Lombardi Publishing Corporation (www.LombardiPublishing.com), a 28-year-old consumer publisher that has served over one million customers in 141 countries, is warning that encouraging new and existing home sales data for May are not a result of improvements in the broader U.S. economy, but rather continued interest from well-heeled investors.
According to the National Association of Realtors, existing-home sales in May climbed 4.9% month-over-month to a seasonally adjusted rate of 4.89 million. In addition to being the second consecutive monthly gain, it’s also the highest monthly rise since August 2011. Some economists believe the home buyers are benefiting from rising inventory, slow price growth, the improving job market, and a decline in mortgage rates. (Source: “Existing-Home Sales Heat Up in May, Inventory Levels Continue to Improve,” National Association of Realtors web site, June 23, 2014; http://www.realtor.org/news-releases/2014/06/existing-home-sales-heat-up-in-may-inventory-levels-continue-to-improve.)
“On the surface, these numbers look encouraging, but there is more to May’s existing home sales data than meets the eye,” says economist and lead contributor Michael Lombardi. “For starters, sales were down five percent year-over-year; this suggests the housing recovery is actually cooling. On top of that, first-time home buyers, a benchmark for how well the economy is doing, accounted for just 27% of all activity; down from 29% in April.”
Lombardi explains that the annual decline in first-time home buyers is even worse. In May 2013, they accounted for 28% of sales; in May 2012, it was 34%; and in May 2011, it was 36%. The 30-year average for first-time home buyers—a number economists consider ideal—is 40%. (Source: Schmit, J., “First-time buyers losing out as home sales rise,” USA Today web site, June 29, 2013; http://www.usatoday.com/story/money/business/2013/06/29/first-time-home-buyers/2472925/.)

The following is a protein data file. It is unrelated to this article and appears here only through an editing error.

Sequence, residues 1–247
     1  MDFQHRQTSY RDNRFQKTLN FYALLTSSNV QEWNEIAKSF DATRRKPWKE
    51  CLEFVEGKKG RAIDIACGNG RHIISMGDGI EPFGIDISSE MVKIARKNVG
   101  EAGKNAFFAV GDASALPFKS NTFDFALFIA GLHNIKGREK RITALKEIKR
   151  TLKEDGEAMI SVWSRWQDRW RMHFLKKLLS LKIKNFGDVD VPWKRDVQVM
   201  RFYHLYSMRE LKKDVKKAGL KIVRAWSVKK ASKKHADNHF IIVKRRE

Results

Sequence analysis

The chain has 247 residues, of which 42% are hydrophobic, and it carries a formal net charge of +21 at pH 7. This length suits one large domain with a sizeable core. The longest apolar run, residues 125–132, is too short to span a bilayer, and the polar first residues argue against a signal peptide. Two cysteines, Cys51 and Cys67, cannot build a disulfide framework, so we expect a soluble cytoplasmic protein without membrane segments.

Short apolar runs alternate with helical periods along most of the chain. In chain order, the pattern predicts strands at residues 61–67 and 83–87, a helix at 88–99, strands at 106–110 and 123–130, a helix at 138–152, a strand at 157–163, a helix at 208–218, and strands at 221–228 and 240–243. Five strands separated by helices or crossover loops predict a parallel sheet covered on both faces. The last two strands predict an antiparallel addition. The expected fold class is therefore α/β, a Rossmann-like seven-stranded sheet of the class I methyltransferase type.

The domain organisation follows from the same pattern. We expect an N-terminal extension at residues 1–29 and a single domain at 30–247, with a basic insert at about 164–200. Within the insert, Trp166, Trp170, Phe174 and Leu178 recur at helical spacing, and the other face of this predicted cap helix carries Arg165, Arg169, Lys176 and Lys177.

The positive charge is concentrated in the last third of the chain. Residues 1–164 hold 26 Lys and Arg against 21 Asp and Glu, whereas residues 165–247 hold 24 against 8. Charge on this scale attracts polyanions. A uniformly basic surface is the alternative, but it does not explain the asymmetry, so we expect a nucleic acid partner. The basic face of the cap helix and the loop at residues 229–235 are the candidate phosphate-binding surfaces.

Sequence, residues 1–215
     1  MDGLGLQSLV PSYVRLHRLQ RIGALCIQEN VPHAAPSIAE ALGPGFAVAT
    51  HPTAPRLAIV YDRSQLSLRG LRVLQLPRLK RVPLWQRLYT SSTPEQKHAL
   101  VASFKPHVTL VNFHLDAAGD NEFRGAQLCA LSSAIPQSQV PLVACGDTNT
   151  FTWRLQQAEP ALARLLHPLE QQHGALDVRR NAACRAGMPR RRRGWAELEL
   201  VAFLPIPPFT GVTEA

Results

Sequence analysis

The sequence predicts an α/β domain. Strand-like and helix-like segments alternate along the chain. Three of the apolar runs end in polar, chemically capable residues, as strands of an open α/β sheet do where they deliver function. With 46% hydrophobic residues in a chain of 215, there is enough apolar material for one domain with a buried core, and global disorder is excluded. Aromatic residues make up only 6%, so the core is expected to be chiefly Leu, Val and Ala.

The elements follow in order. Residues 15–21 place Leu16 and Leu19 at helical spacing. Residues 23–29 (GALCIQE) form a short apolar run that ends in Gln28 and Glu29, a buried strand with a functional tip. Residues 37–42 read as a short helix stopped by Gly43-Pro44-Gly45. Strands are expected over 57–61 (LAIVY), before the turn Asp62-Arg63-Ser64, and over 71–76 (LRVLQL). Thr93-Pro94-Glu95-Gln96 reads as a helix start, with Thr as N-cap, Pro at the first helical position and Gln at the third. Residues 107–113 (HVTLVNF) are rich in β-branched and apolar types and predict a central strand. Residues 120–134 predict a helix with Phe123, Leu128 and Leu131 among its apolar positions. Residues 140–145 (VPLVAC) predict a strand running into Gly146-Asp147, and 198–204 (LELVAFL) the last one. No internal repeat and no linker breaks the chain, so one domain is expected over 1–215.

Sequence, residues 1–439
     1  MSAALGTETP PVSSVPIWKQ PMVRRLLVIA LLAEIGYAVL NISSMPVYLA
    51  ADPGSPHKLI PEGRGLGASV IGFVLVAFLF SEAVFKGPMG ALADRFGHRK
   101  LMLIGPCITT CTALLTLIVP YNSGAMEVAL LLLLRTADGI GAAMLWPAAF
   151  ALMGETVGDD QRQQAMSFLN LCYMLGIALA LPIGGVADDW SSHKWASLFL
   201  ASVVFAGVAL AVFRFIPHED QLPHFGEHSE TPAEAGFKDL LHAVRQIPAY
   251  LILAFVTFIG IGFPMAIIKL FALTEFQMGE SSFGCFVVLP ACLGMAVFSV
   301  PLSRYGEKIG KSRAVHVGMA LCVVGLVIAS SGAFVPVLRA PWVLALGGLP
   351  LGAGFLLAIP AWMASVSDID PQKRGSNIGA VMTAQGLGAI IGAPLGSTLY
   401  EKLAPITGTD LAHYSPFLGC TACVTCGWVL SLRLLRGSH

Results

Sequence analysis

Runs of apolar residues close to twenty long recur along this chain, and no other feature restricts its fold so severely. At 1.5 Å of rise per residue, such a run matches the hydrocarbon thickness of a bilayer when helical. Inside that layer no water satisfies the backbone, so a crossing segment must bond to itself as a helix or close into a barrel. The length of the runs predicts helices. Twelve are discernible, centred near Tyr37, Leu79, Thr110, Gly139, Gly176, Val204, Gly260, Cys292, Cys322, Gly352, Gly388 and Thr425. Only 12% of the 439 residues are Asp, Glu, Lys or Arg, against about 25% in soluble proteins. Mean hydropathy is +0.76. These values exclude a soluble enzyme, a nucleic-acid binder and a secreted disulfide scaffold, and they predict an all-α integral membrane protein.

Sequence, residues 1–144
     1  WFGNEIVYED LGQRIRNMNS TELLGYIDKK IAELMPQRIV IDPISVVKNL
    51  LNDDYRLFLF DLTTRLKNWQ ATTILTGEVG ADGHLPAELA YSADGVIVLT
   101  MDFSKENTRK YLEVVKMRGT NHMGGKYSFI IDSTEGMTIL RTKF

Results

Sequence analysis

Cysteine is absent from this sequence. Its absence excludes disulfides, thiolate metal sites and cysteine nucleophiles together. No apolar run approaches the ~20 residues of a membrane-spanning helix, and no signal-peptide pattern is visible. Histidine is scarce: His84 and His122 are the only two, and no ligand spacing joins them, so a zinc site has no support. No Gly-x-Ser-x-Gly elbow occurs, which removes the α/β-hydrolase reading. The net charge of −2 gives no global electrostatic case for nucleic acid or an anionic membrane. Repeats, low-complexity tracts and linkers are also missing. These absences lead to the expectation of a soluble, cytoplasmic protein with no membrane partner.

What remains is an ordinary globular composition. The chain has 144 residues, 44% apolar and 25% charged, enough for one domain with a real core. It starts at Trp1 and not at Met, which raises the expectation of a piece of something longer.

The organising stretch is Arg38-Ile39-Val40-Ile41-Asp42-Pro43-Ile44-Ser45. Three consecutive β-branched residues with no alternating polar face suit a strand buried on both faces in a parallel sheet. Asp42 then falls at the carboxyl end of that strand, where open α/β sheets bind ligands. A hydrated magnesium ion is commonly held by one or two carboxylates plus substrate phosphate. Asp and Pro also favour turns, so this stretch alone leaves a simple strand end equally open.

“First-time home buyers are being squeezed out of the housing market. All-cash sales made up 32% of existing transactions in May, with individual investors snapping up 16% of existing homes,” Lombardi adds. “The most stable segment of existing home sales is those in the $1.0-million-plus bracket, but unfortunately, they only account for 2.4% of transactions. The biggest losers? Homes listed up to $500,000, in particular those under $250,000.”
Lombardi observes that the same dynamics are at play with new home sales, which, climbed 18.9% month-over-month in the U.S. to a seasonally adjusted rate of 504,000—the highest level in six years.
“Again, the data sound good, but it’s important to remember that newly built homes only account for around 19% of all home-buying activity,” Lombardi comments. “First-time home buyers account for around 16% of new-home purchases; between 2001 and 2007, the average range was 25% to 28%.” (Source: Hudson, K., “Housing Recovery’s Missing Link: First-Time Buyers,” The Wall Street Journal, May 23, 2014; http://online.wsj.com/news/articles/SB10001424052702304479704579579792502256878.)
Lombardi observes that when it comes to homes sold by sales price, there are some clear winners. On the plus side, the number of new homes sold between $150,000 and $199,999 increased from 6,000 in May 2013 to 10,000 this year. The only other clear winners were homes sold between $400,000 and $499,999 (up 133% at 7,000), and $500,000 to $749,999 (up 100% at 4,000). Homes over $750,000 were steady at 1,000. (Source: “New Residential Sales in May 2014,” U.S. Census Bureau web site, June 24, 2014; http://www.census.gov/construction/nrs/pdf/newressales.pdf.)
“Do May’s home sales data suggest we are in the midst of a real U.S. housing recovery? Not with rising home prices, a sluggish economy, and stagnant wages holding first-time buyers back,” Lombardi concludes. “These weak economic indicators do, however, explain the underlying new and existing home sales data.”
Founded in 1986, Lombardi Publishing Corporation, which has served over one million customers in 141 countries, is one of the largest consumer information publishers in the world. For more information on Lombardi Publishing Corporation, visit www.LombardiPublishing.com.
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